What this planet needs is Big Word Day. One day a month (I suggest the first Monday) when we’re allowed to use those big godawful words that make us all sound like pompous asses. Then, at midnight, everybody has to go back to talking (and writing) like regular people. Big Word Day would not only clear the air of pretentious language, it would shorten business meetings, reduce government bullshit and keep corporations from drowning us in doublespeak policies, warranties, guarantees and disclaimers. (What’s the difference between a warranty and a guarantee, anyway?) I know big words are tempting and I’m as guilty as the next person, so I understand why we like to sound as if we just stepped off Oxford Common — but it’s getting out of hand. We don’t buy things anymore; we purchase them. We don’t help; we facilitate. We don’t think; we conceptualize. And — horror upon horrors — we don’t talk; we verbalize.
The big problem with big words is people don’t think that way. We think in broad abstractions that get translated into words when we speak (or write) so we can communicate meaning. For example, when I write “John saw a girl” unless you’re a Himalayan holy man who’s lived alone in a cave for 50 years, you see the girl, too. Your girl and John’s girl might not look the same, but the meaning is clear. This is because my words are a direct translation of my thoughts. However, when I write, “John observed a girl” things get a little muddled. Suddenly, because of nuance and connotation, John isn’t passive anymore. The girl is still the object of the sentence but John is definitely more involved. He’s deliberately doing something. Hey! Wait a minute! Who is this guy? What is he, some kind of stalker? You see, the meaning has changed. This might be a bit of an exaggeration (after all, I haven’t clarified whether John had binoculars or not) but my point is it’s more difficult to translate words into meaning when they’re carrying extra baggage. And big words all carry tons of baggage.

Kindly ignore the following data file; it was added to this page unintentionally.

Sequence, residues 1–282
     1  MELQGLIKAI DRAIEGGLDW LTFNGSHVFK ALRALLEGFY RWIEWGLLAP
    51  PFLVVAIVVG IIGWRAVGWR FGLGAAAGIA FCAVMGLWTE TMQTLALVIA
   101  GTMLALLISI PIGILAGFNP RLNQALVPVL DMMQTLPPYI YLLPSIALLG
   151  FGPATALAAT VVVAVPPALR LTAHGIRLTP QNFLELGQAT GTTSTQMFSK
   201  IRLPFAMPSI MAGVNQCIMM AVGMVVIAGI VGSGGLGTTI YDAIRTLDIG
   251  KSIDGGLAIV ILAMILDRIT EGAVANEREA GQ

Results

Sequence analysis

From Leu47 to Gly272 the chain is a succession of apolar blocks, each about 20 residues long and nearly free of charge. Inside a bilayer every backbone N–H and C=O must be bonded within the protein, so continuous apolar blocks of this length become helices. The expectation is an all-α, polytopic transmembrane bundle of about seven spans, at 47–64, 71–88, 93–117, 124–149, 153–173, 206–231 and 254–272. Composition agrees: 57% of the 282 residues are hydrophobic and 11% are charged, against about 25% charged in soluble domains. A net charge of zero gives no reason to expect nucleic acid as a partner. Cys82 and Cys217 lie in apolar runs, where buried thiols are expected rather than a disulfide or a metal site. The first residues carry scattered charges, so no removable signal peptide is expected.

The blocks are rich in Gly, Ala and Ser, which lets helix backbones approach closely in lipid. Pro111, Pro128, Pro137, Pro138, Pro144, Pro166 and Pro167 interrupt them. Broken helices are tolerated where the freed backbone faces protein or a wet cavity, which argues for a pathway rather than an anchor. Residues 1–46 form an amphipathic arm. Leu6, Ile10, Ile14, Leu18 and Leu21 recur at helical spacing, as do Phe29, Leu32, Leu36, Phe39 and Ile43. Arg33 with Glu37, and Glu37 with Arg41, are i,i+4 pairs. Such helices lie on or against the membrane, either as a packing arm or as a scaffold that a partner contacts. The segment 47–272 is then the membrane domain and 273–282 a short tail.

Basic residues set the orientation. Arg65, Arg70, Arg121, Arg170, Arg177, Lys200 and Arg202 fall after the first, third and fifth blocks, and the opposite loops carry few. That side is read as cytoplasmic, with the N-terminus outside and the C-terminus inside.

Don’t get me wrong; big words are important. English is a precise language with surgical accuracy, so I don’t want to get rid of big words altogether. I just think, these days, they’ve slipped the leash and I want to corner them and get them under control again. Big Word Day would do that. It would force us to quit utilizing big words all the time and only use them when they’re necessary. Plus, and this is the good bit, jerks with an intellectual chip on their shoulders would have to shut the hell up most of the time — and that alone would be worth it.
7 thoughts on “Big Word Day — 2021”
It would be way too easy to reply to this post with some big words.
Ah, go ahead! I’m tough. cheers
I found this amusing. My mother is Italian, so she learned British English (is that what you would call it). Anyhow, when I was growing up, she wanted her children to use bigger more interesting words like the British do. She felt the American way of speaking was slang. LIKE you said, it’s very simple. Anyhow, even into my College years, she would send me a list of words/phrases she heard that she liked on a PBS British shows, different expressions. The British do have a way of speaking that is AMUSING. Love many of their expressions. So… I’m OK with big words, if they are well chosen.
I emphasize the importance of using a natural, unaffected word choice to my students, and I always tell them the story of reading a provincial exam many years ago. The writer, a grade 9 student, was throwing in as many “big words” as possible and the piece became hilarious. The one example
I do remember is when the writer ignored the word “eyes” and instead wrote “visual sockets”.
My brother uses “presumably” in his weekly blog posts, which always brings a smile. He’s not being pompous but the word sure comes across that way. I’d rather he say “I think” or “I assume” like the rest of us.